several large cavolo nero leaves - around half a bunch
two rashers streaky bacon
butter or olive oil for frying
four tablespoons of cream
freshly ground salt and pepper
slice and discard the stems from the cavolo nero leaves (or brew into a nutritious tea or something if that makes you feel guilty), and either keep the leaves as they are or slice them into ribbons. Slice the bacon into small pieces and fry in butter or olive oil till sizzling and crisp. Remove from the pan - I just put them onto the serving plate I was planning to use - and throw the leaves into the pan. Sprinkle a little water over if you like, and just stir and lift them over a high heat till they soften and darken a little. Return the bacon to the pan, and pour over the cream, allowing it to bubble and thicken, which it should do rather quickly. Remove it from the heat, and use a vegetable peeler or small grater to scrape a little fresh nutmeg into the pan, followed by as much parmesan as you feel like. Finish with as much salt and pepper as would make you happy.
Honestly, this is such a perfect lunch for one - I rakishly deglazed the pan with more cream just to make sure I was able to scrape up all the bacon juices, and recommend you do the same. If you want there to be more to it there's nothing stopping you serving it with thick slices of bread or stirred through a tangle of pasta, but untampered with, this is total excellence. The only thing I'd do if I owned some was to pour in a little dry white vermouth with the bacon (which is Nigella's influence: she says "I use this ingredient" and I say "how high".)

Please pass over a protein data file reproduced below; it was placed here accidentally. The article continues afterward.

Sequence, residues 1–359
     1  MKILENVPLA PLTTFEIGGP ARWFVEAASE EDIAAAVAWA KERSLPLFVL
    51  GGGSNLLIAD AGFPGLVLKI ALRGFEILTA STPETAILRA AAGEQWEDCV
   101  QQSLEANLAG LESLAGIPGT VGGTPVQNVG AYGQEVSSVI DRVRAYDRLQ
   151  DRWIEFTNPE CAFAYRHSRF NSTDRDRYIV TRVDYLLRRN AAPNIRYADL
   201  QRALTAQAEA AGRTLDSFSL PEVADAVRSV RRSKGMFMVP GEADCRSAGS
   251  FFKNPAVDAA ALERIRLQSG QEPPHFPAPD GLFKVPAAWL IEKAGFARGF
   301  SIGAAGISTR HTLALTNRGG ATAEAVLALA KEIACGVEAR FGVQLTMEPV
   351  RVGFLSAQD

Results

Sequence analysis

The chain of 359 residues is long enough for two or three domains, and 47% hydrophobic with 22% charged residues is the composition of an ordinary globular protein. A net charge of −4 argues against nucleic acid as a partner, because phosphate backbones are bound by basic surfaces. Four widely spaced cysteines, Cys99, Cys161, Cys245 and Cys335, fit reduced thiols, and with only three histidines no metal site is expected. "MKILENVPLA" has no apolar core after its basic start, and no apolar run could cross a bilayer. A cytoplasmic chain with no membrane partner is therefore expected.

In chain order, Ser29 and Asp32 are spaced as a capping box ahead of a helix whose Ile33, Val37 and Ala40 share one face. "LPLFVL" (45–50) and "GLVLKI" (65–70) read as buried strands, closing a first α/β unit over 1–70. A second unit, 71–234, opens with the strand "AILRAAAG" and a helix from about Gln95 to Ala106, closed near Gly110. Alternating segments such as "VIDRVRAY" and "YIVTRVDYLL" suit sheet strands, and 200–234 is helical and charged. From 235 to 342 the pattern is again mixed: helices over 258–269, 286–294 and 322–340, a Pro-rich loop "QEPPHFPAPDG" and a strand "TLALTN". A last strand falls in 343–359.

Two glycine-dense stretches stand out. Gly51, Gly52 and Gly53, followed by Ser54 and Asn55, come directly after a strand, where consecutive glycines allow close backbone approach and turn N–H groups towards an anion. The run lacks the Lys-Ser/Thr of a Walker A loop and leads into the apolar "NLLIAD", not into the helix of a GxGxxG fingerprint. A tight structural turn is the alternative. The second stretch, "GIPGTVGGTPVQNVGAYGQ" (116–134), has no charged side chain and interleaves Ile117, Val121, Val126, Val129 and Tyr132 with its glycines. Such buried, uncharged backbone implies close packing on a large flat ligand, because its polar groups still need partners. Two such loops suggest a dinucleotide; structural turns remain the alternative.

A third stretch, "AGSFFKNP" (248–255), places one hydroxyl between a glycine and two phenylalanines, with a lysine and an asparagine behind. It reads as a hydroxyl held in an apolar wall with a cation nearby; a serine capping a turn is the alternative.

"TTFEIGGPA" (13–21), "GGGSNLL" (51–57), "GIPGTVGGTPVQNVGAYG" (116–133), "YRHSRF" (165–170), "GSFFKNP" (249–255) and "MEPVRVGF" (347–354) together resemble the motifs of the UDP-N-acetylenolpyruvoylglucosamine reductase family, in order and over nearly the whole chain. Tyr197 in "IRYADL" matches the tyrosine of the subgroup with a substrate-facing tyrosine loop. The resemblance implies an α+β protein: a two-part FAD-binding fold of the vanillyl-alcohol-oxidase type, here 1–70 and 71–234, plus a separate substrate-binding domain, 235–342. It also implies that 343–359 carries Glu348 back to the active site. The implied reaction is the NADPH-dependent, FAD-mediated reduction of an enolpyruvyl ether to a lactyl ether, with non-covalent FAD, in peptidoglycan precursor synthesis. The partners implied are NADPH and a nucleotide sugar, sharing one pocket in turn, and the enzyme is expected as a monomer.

As well as tasting wondrous it's also very beautiful in its own way - those dark, wrinkly leaves flopping about artlessly with the pink of the bacon and the gold of the cream. This is absolutely going to winkle its way into my regular rotation of recipes - especially because you could always use regular kale, or indeed, silverbeet or spinach - just with the latter two, make sure you add the leaves right at the end because spinach, especially, will wilt into nothingness soon as look at you.
If you've got to this point in my blog post and are still totally endeared by me (in which case: well done on your accurate opinion) then I would like to direct you to my new recipe index that I've been working on. I'm super proud of it on account of it took a lot of html code copy-pasting and a TON of URL copy-pasting to make it happen, and it's still a mere work in progress, but it's already so gratifyingly pretty and useful! (Oh yeah, and as soon as I posted this I brazenly went to update the recipe index and made all the html disappear somehow and now it looks rubbish, so uh, bear with me please.)
PS: even if you never eat another vegetable in your life, just make sure you go watch Carol. And then come shriek with me.
title from: the important Janet Jackson and her beautiful song Runaway.
I cannot stop listening to Rihanna's new album Anti, especially the dreamydreamydreamy Work featuring Drake and the oh-no-now-I'm-sobbing-forever waltz that is Love on the Brain. (The waltz: a totally underrated time signature.)
I also cannot stop listening to Modern Lovers, something about Jonathan Richman's voice makes me feel in full teenage dirtbag mode. Obviously I have two ears and a heart and so am obsessed with the song Roadrunner, but maaaaan, Hospital and the early-Who-y I Wanna Sleep In Your Arms are so worth a re-tread.
next time: I was given a copy of Nigella's new cookbook and it's very beautiful and exciting and I cannot wait to cook my way through it...